(1) The key to early identification and early intervention of child abuse cases is the enhancement of awareness of the school personnel in identifying the abused children and their ability in crisis assessment and handling of the child abuse cases through multi-disciplinary collaboration. If the school personnel notices wounds in a student's body or identifies a student with emotional or behavioural problems, they should report the case to the related government departments such as SWD or EDB according to the Procedural Guide. On this, EDB will strengthen related training, review the contents of relevant circular and the sections of the "Operational Manual for Pre-primary Institutions" to make them more concrete and precise. 
     To uphold the right of school age children to universal basic education under the law, primary and secondary schools are required to report students' non-attendance to EDB on the 7th day of a student's continuous absence so as to help non-attendance students resume schooling at an earliest opportunity. In the course of following up the non-attendance cases by EDB or the schools, if the students or their families are found to have problems or needs other than non-attendance, the cases would be referred to SWD, relevant social services agencies or the Police for provision of appropriate professional support services. As for kindergartens, EDB agrees to explore how the follow-up arrangements for student non-attendance cases without reason or with doubt should be further enhanced. Irrespective of the number of consecutive days required for reporting students' non-attendance under the mechanism, the staff of schools should pay attention to students' condition regularly and make referral as early as possible without being subject to the number of days required for reporting cases of non-attendance, should there be any suspected cases of child abuse. EDB will maintain close communication with SWD to explore how to further enhance the case referral mechanism.
     EDB implements the Comprehensive Student Guidance Service where primary schools adopt the Whole School Approach. Teachers work in collaboration with student guidance personnel and professional staff to provide remedial, preventive and developmental guidance services for the establishment of a robust student guidance system. Currently, there are two types of funding modes for student guidance service through provision of manpower or grants, respectively. Schools may, based on their own needs, use their funding flexibly to employ guidance personnel or procure social work service from NGOs. The Government has provided a top-up Student Guidance Service Grant to public sector primary schools with five or more operating classes starting from the 2012/13 school year.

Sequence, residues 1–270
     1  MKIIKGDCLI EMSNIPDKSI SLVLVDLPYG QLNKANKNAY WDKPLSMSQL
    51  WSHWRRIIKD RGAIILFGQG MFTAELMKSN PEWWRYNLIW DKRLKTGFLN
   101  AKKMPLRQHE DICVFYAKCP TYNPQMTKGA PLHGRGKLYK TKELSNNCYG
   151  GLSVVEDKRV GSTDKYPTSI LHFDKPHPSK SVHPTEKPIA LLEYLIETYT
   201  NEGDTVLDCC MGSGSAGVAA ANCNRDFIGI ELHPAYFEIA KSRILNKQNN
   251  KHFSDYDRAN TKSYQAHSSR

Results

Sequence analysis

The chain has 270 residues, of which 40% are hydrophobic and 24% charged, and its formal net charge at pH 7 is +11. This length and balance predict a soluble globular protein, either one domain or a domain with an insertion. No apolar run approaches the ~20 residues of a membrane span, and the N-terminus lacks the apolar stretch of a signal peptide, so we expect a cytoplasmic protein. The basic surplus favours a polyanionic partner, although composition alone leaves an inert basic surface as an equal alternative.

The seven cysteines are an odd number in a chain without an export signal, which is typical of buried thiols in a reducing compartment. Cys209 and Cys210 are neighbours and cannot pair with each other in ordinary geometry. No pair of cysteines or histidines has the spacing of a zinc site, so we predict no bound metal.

The feedback received by EDB indicates that the vast majority of primary schools could make good use of the funding to arrange for one or more school-based student guidance personnel, and currently 90 per cent of the public sector primary schools in the territory have employed registered social workers as student guidance personnel. EDB is aware of the request in the community for "one school, one social worker" for primary schools. Taking into consideration the needs of schools with regard to guidance service, EDB will explore the future development with LWB with an open mind, and make suitable resource provision correspondingly.
     To raise the awareness of teachers of secondary, primary and kindergarten levels, EDB organises talks or seminars annually in collaboration with SWD, to advise them on early identification, intervention and support of suspected student victims of child abuse and domestic violence. Moreover, EDB commissions tertiary institutions every year to provide Certificate Courses on Student Guidance and Discipline for Teachers of Primary/Secondary Schools which cover various modules on "child abuse" and "domestic violence", etc. Besides, starting from this week, EDB will jointly organise four briefings with SWD and the Police for teachers of all kindergartens and primary schools in the territory. The briefings will introduce how to identify and make referrals of the suspected child abuse cases so as to strengthen teachers' ability to identify the symptoms of child abuse, raise their sensitivity as well as enhance their understanding of the handling procedures.